Opening: We live in a world plagued with uncertainty. Not knowing what or where or when or how things are going to happen seems to be a universal concern that fuels all kinds of anxieties. It’s as if most of us are just standing around waiting to see what the future holds and feeling like very little of it is under our control. This sense of unpredictability and powerlessness leaves us (and I mean all of us to some degree) feeling vulnerable. It’s as if we’ve managed to hold it together to this point, but we’re just waiting for the other shoe to drop. If you think I’m off-base here, if you would argue that doubts about the future are not as widespread as I’m suggesting, then consider this: The titan of e-commerce, Amazon, actually tracks the passage on their Kindle Bibles that people highlight more than any other. Of the 31,102 verses in the Old and New Testaments, we might expect it to be John 3:16 or Psalm 23 (the Lord is my shepherd I shall not want. He makes me lie down in green pastures. He leads me beside still waters. He restores my soul …) or the Lord’s prayer in Matthew 6: 9-13 (Our Father, who art in heaven, hallowed by Thy name...). But surprisingly, it is none of these. It turns out, according to Amazon, that the most highlighted verses for their customers are Philippians 4:6-7. Do you know them? Here’s what they say: Be anxious for nothing, but in everything by prayer and supplication, with thanksgiving, let your requests be made known to God and the peace of God which surpasses all comprehension will guard your hearts and minds in Christ Jesus. I find it very interesting that the most highlighted Bible passage on the Amazon Kindle is one that addresses our battle with anxiety and gives us instruction about how to deal with it! That didn’t convince you that we’re a nation filled with worriers? Maybe this will. The Unisys Security Index surveys more than 13,000 people in 13 countries. It measures anxiety about issues like national security, disasters or epidemics, and personal safety. The most recent survey taken in 2017 shows that levels of U.S. anxiety jumped sharply (by 20%) since the last survey in 2014. In fact, it came in at the highest levels since the surveys began. A Unisys senior vice-president commented: “It’s an understatement to say that anxiety level is high, … we live in very uncertain times … we definitely have seen a huge spike (in what we worry about) over the last three years.” Yes, it seems that most of us find it difficult to live with uncertainty. We would prefer to know what’s coming and do our best to emotionally prepare for it, than not know at all. This morning I’d like to share a different perspective on this whole idea of not knowing the future and what it holds. I would suggest that this lack of seeing what God has in store for us is actually a blessing from Him, rather than a cause for increased anxiety. Here’s what I mean: Suppose God gave you the opportunity to know everything that was going to happen in your life, would you really want to know? Now think about it before you answer. You would know every good thing, like that you’re going to graduate with honors from college, win the lottery or marry the person of your dreams. But you would also know every bad thing, like when and how your spouse is going to die, all the negative choices of your children and the bad consequences that will result, or that you’re going to battle a painful and chronic disease beginning at the age of forty for the rest of your life for which there will be no cure. When you consider both the good and the bad, perhaps it is better not to know what the future holds. Because we live in a fallen world where bad things happen to all of us, you have to wonder if knowing what’s coming would only increase our anxiety. Wouldn’t it be better, instead, to know the One who holds your future in His hands and who loves you with an unfailing and perfect love and who you can trust to help you overcome any obstacle you may face no matter how great? That’s what walking by faith in God is all about!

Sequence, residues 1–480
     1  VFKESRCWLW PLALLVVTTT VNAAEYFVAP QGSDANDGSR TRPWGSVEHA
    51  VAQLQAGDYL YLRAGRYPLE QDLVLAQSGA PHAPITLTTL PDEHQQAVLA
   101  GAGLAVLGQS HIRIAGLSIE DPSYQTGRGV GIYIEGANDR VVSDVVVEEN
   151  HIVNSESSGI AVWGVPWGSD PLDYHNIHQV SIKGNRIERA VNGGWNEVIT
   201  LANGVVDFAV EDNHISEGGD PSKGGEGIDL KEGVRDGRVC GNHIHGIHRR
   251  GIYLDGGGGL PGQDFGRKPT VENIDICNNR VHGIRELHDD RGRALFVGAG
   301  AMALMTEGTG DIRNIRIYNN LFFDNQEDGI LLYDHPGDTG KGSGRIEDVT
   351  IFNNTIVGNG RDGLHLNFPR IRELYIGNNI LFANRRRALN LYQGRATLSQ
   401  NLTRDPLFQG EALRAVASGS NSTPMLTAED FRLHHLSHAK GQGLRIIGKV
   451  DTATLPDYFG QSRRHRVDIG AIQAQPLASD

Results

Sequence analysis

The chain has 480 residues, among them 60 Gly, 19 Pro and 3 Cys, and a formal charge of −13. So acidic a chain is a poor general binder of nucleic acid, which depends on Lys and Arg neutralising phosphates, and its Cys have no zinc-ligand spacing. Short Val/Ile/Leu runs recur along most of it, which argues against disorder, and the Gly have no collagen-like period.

A couple of weeks ago, we began a new series on Unstoppable Faith from Hebrews 11. So far, we’ve learned what faith is (the choice to cling to what is promised (by God) and hoped for (by us), because we know with certainty that it will come to pass) and what some of its implications are for us (we believe God created, accepts, rewards and saves us). Now this morning, I want to look at the life of a man who faced great uncertainty, but who, because he trusted God with the details of his life, provides us with an example of faith that we can all learn from. His name is Abraham and a brief summary of his story is found in Hebrews 11:8-10. From these few verses I would like to share with you three “faith” principles we can draw from his experience and apply to our own.